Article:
"I begged him to take the 10 years," Green's sister, Shirley White, said. "Ten years versus the 32 it's been so far. It's a lifetime. He missed out on the experience of seeing his children grow up. But my brother is unique and he is genuine. He wears many hats. They are joy, love and peace."

Crosley Green speaks with John Torres, of FLORIDA TODAY, following the press conference.
Crosley Green speaks with John Torres, of FLORIDA TODAY, following the press conference.  

Incredibly, Green insisted that he still has faith in the criminal justice system, a system, it seems, that has never had faith in him.

When officers responded to the orange grove and found a dying Flynn, he refused to tell them what happened and he never asked if Hallock had made it to safety. Flynn later died on his way to the hospital.

Prosecutor Chris White did not share notes with Green's defense attorney.  Yeah, that's the same Chris White who was involved in the wrongful convictions of Juan Ramos, Wilton Dedge and William Dillon. The notes indicated that responding officers believed Hallock was responsible for the shooting and that no kidnapping or shootout had taken place.

This was a racial hoax. "The black guy did it."

There was no justice when White failed to disclose the notes. There was no justice when a highly suggestive photo lineup was used. There was no justice when a man was convicted without fingerprint or DNA evidence. Green's sentence was later vacated and he was sentenced to life in prison.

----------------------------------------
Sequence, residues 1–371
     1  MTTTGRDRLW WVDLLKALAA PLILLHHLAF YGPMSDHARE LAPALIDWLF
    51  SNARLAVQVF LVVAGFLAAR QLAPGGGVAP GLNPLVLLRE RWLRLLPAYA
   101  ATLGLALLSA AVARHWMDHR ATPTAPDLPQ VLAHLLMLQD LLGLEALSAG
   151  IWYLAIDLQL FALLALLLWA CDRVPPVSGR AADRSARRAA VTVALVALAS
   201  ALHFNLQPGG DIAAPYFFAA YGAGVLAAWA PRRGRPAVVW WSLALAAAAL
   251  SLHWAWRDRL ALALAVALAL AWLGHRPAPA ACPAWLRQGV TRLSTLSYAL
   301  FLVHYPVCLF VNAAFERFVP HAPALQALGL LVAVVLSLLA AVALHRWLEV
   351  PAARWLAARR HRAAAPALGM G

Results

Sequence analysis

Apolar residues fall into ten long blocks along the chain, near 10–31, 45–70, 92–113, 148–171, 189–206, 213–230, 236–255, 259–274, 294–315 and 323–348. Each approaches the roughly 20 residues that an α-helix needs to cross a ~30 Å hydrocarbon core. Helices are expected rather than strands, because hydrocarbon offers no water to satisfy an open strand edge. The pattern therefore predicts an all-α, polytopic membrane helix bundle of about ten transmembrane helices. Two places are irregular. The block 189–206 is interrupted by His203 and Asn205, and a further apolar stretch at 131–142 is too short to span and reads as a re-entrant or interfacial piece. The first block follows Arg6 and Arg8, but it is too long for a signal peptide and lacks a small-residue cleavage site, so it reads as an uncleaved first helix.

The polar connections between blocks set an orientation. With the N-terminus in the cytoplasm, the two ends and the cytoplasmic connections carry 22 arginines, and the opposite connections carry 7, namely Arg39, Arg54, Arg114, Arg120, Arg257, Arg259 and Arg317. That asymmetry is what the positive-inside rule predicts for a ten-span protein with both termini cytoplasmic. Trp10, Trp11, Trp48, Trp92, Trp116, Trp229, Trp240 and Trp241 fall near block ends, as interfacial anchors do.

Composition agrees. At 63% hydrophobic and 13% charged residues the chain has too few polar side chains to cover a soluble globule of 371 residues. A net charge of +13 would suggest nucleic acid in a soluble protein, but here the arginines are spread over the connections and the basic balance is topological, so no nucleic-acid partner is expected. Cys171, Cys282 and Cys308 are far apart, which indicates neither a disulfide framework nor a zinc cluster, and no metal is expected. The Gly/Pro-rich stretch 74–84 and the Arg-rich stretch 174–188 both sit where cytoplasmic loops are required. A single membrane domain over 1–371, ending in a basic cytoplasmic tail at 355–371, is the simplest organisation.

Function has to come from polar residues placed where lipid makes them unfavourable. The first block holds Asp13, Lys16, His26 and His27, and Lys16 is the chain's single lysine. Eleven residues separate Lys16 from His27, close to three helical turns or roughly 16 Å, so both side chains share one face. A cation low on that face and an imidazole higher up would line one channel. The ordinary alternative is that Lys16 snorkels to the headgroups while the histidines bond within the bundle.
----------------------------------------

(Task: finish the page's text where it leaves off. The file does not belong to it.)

There was no justice when the only bullet casings at the scene belonged to Flynn's gun despite a supposed shootout.

The list of injustices in the case goes on.

And still, Crosley Green smiles, keeps the faith and lives every moment he can with joy in his heart.

"The only that bothers me is to see my family hurting. That's the only thing that gets to me. When they hurt, I hurt. Other than that, I'm good," he said. "I tell them, 'look at me and thrive off of me. I've been through more. Thrive off of me.' If I'm handling this with no problem then that's the way I want them to handle it."

Maybe he's right. Maybe justice will win out. Maybe we need faith like his. Maybe the highest court in the land will correct this terrible injustice.

Contact Torres at 321-242-3684 or at jtorres@floridatoday.com. You can follow him on Twitter @johnalbertorres or on Facebook at facebook.com/FTjohntorres.

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This article originally appeared on Florida Today: Crosley Green: keeps belief in justice even facing return to prison